- Sep 27,’68: Madhavpura Mercantile Cooperative Bank (MMCB) Ltd was registered as a cooperative society
- 1999-00: The bank management resorted to indiscriminate lending, particularly to stock brokers, including Ketan Parekh
- Feb ‘01: Stock exchanges see a sharp rally with broker Ketan Parekh charging up the index
- Mar ‘01: The stock bubble bursts, leaving Ketan Parekh, other brokers with heavy losses
- Mar ‘01: Sudden run on the bank following rumours of its large exposure to Ketan Parekh
- Mar 13,’01: RBI restricts bank’s operations; asks Central Registrar of Cooperative Societies to supresede MMCB’s board
- Mar 14,’01: The Central Registrar supersedes the board and appoints an administrator to oversee the affairs of the bank
- Mar 31,’01: RBI's inspection found MMCB's networth at (-) Rs 1147.13 crore, deposit erosion was 90.9%, gross NPAs formed 88.2%
- Mar 31,’01: The inspection also revealed the bank had net loss of Rs 1192.81 crore, and did not have adequate assets to meet its liabilities
- Aug 23,’01: Scheme of Reconstruction for MMCB was made applicable.
- Mar 31,’11: RBI's inspection found MMCB's net worth at (-) Rs 1316.50 crore, CRAR at (-) 1941.1 per cent, gross NPAs formed 99.99% of its gross advances
- Mar 31,’11: The inspection also found MMCB had accumulated losses at Rs 1357.41 crore and deposit erosion was 100%
- Aug 23,’11: Section 35 A was applied to the bank. The Scheme of Reconstruction expired
- Sep 7,’11: Govt of India forwarded modified reconstruction scheme proposed by the RBI
- Dec 26,’11: RBI advised Govt of India to liquidate the bank as there was no other option left
- Apr 18,’12: Responding to the notice, MMCB accepted that the precarious financial position, attributing it to the Rs 1200-crore fraud
- Jun 1,’12: RBI issued order cancelling MMCB's banking licence
“The MMCB episode came as a big storm to the cooperative movement. However, the movement withstood and overcome the storm and for past few years, cooperative banks are seen doing fairly well. The regulator, too, has taken a note of the operations of UCBs,” said H K Patil, chairman of the National Federation of Urban Cooperative Banks & Credit Societies Ltd.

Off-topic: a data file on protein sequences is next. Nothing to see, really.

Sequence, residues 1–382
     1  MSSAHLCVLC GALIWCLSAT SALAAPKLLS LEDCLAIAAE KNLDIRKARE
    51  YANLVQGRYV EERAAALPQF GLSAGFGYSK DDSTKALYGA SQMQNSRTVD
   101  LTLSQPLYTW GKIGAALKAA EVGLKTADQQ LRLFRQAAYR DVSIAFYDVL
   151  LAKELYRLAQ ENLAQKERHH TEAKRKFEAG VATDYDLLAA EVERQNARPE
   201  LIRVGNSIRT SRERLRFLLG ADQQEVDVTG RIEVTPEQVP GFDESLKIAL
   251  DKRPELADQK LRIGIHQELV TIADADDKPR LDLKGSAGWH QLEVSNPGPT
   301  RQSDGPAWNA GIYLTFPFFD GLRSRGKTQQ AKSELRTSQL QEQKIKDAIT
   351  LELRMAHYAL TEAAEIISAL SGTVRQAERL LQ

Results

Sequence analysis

Industry players welcome the revival. “Over the years, the sector has gone through a lot of learning. The regulator has a role to play and we can see an improvement in compliance, mainly due to technological advancement, competition and professional approach,” said Jyotindra Mehta, chairman of the Gujarat Urban Cooperative Banks Federation, an industry body representing about 240 UCBs.
Recommendations by an RBI-appointed committee under Y H Malegam have opened doors for opening new urban cooperative banks.
“There is no financial device other than the cooperative banking sector that can meet the desired goals of financial inclusion. It reaches the grass root levels, which no other commercial bank would have. Under the Malegam Panel’s recommendation, the future looks bright for the cooperative banking sector,” said Mehta.
After the scam was exposed, MMCB filed 225 cases against defaulters. However, in 71 cases, charge sheets were filed by investigating agencies. Defaulters paid debt in some cases, so legal action against them was dropped. “Over 40 cases against defaulters in Mumbai are still pending as of today,” MMCB’s advocate Ajitsinh Jadeja said.
To make matters worse, the trial against the main conspirator and the mastermind behind the multi-crore scam, Parekh, who is out on bail, has not even commenced.